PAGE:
The mule sprang aside, the doctor lost his balance in clutching at the pommel, the pistol went off, (the ball kicking up a dust in the road, and very nearly making cat’s-meat of Lo Zingaro,) down came the doctor among the long grass, and as the supposed brigand, springing forward to his assistance, placed him on his sitting part, he looked up, and found that his valet on the occasion was Antonio.

“Oh, che disgrazia !" said the capuchin. The doctor looked at Antonio, then at the pistol, from the muzzle of which the smoke was still eddying, and laughed, and rubbed his shoulder till, either from the laughing or the pain, or both, the tears ran over his cheeks.

“Is your excellency hurt?” said Antonio.

“ Not a bit of it, my dear fellow," said the doctor, getting to his feet ;“ but it is a mercy that you hav'n't got an ounce of lead in your midriff. What brought you here?”

“I ask pardon, eccellenza ; I hope your excellency will not be angry -oh, Dio mio! I am so sorry,” said Antonio, half crying, as he rubbed the dust with the skirt of his robe from the doctor's habiliments; “I wished to speak to your excellency without Domenico seeing me, and came through the underwood from the convent. Oh, Dio mio, that I should have hurt your excellency ! Mi rincresce eccellenza, mi rincresce assaissimo.”

* Pooh! never mind it, man,” said the doctor, “we are both in luck that it is no worse. What have you got to say to me? There can surely be nothing wrong about Domenico," he added to us in English. “ He's no brigand, I'll be bound.”

“I would wish to go with you,” said Antonio, clasping his hands, and looking with tearful eyes imploringly in the doctor's face. “ If your excellency would only take me for your servant, I would serve you with heart and soul fin' alla morte. I want no wages,” he added, as the astonished doctor shook his head; “only a morsel of bread,


and I would go with you over the wide world. Indeed, indeed I would try to please you, and I am sure, very sure, you would never have cause to regret having taken il povero Antonio along with you.”.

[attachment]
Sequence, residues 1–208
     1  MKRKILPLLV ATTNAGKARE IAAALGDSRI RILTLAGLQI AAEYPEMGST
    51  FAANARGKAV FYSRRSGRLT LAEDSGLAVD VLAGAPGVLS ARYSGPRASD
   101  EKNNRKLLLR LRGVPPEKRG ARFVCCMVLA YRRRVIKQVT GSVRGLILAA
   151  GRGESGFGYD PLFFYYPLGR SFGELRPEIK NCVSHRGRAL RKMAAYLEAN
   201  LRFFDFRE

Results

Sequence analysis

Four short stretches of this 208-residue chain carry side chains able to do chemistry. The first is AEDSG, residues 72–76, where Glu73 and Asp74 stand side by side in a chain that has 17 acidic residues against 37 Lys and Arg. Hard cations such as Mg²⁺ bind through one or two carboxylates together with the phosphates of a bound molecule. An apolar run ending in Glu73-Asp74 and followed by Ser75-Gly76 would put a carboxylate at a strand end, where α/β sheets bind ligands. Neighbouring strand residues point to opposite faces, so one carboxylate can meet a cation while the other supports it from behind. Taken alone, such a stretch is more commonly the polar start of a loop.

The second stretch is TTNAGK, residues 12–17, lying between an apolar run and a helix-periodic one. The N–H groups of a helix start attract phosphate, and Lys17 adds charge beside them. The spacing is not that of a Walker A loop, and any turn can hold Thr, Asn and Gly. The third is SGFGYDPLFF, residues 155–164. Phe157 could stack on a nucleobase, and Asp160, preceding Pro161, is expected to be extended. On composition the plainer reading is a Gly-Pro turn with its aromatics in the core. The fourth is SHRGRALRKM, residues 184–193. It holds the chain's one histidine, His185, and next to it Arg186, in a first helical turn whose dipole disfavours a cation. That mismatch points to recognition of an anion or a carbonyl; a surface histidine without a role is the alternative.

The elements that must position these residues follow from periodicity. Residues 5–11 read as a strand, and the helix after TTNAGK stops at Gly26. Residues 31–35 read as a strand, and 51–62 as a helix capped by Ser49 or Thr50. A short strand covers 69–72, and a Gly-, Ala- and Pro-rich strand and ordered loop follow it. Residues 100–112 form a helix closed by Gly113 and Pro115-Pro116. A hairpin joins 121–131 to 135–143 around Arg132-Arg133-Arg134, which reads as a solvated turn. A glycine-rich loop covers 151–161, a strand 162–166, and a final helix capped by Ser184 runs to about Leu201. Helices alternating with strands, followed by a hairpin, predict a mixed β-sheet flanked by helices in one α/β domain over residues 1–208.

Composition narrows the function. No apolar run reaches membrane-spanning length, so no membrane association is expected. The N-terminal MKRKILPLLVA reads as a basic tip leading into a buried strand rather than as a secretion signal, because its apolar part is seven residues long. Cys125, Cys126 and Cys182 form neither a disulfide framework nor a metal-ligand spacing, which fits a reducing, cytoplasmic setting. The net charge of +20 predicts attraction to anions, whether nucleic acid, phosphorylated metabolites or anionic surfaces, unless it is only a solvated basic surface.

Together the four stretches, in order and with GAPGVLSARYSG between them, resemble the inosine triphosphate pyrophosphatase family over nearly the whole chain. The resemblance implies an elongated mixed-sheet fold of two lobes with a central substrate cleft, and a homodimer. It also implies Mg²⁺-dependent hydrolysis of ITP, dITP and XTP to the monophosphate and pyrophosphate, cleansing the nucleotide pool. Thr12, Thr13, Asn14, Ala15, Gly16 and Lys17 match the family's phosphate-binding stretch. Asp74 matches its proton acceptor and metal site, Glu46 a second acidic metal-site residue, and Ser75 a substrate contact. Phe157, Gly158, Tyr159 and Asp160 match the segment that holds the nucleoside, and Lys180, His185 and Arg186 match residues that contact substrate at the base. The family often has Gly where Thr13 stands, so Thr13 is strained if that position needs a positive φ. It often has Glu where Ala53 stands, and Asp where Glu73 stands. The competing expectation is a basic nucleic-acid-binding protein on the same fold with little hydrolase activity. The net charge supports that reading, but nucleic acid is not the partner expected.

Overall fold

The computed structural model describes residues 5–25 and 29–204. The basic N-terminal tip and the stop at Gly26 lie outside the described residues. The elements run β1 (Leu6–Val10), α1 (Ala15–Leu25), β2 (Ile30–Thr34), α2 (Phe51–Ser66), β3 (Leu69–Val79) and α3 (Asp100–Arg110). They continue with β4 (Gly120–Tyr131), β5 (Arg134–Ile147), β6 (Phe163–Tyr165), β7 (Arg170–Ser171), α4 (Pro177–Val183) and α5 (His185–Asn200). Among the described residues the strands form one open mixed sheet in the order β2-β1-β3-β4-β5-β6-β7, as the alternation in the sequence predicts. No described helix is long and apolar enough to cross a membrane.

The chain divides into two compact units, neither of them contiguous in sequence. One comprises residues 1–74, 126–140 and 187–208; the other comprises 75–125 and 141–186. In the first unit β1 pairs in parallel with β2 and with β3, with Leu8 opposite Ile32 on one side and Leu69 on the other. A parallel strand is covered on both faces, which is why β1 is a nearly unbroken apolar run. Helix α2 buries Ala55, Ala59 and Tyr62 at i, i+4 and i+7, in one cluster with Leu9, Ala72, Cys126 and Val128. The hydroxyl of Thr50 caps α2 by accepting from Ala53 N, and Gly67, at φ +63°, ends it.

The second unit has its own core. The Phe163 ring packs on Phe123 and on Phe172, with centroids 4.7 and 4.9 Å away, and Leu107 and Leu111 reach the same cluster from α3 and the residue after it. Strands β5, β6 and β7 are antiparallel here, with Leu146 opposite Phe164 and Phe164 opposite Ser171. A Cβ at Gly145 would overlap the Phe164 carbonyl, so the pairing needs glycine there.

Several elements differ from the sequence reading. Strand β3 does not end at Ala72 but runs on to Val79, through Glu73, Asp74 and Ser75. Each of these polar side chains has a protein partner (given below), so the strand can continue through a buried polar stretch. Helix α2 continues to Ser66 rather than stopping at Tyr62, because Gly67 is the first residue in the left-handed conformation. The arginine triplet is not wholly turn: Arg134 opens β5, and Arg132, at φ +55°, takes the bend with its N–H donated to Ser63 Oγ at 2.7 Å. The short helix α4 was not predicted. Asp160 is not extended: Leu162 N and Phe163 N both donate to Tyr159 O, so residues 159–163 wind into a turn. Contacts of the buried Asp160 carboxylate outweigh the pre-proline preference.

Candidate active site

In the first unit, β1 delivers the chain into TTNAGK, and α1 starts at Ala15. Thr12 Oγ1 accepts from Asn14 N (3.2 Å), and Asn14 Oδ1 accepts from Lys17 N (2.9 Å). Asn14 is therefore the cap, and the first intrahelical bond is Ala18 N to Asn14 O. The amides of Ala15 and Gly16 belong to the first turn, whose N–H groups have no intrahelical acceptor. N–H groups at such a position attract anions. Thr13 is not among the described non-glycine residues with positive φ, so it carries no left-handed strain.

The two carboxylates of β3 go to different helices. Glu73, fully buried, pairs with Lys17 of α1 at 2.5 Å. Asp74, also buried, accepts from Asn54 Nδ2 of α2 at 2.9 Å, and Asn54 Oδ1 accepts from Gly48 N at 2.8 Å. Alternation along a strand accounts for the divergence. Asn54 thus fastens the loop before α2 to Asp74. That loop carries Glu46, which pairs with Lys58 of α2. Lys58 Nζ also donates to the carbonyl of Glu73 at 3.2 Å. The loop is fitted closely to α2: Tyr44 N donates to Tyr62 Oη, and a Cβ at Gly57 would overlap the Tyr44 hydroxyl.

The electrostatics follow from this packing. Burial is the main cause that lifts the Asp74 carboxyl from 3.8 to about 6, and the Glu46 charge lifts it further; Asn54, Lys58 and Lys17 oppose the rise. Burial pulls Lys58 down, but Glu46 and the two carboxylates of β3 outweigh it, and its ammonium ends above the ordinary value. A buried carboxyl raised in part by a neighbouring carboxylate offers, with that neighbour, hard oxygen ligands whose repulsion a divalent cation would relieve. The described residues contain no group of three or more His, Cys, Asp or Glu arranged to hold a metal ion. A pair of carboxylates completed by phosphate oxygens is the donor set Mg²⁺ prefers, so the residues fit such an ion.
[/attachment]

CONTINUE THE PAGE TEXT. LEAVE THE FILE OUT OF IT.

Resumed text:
“ It is impossible, Antonio,” said the doctor. “ In the first place you are a Capuchin.” “ I know it,” said Antonio, shaking his head; “but if your

excel. lency will only say you will allow me to go with you, I can be a contadino in a twinkling, and will meet you at Syracuse."

“But are you tired of your present life ?"

“ Perdutamente ! signor. I was young–very young, when I began it, and I cannot bear it any longer. I am young still, and I find that life is good for something better than begging for a convent. Pray let me go

with “I cannot do any such thing, Antonio," said the doctor. “I have no need of a servant, and if I had, I would not, on any account, encourage you in a step of which you might afterwards repent. It is a long way to England, and once there you would soon wish yourself back again.

You had better remain at Biscari.” “ That I will not,” said Antonio firmly. 6 I should have been happy-oh, so happy! if you would have taken me with you; but, ahi ! poor Antonio must push his fortune by himself. Addio, signori, may God bless you—I hear Domenico coming back with the mule.”

Šo saying he drew his cowl over his head, and was lost among the underwood.

He had scarcely disappeared when Domenico came in view, wearing on his face an expression of the greatest consternation, and urging Lo Zingaro to the top of his speed by digging the goad into his shoulder, accompanying each application with that pithy Agh! which on the lips of a Sicilian muleteer expresses the most venomous malignity towards the animal whose progress he thus endeavours to accelerate.

“Ma! cosa è ? 'ccellenza, cosa è arrivato ?” he exclaimed, as he reined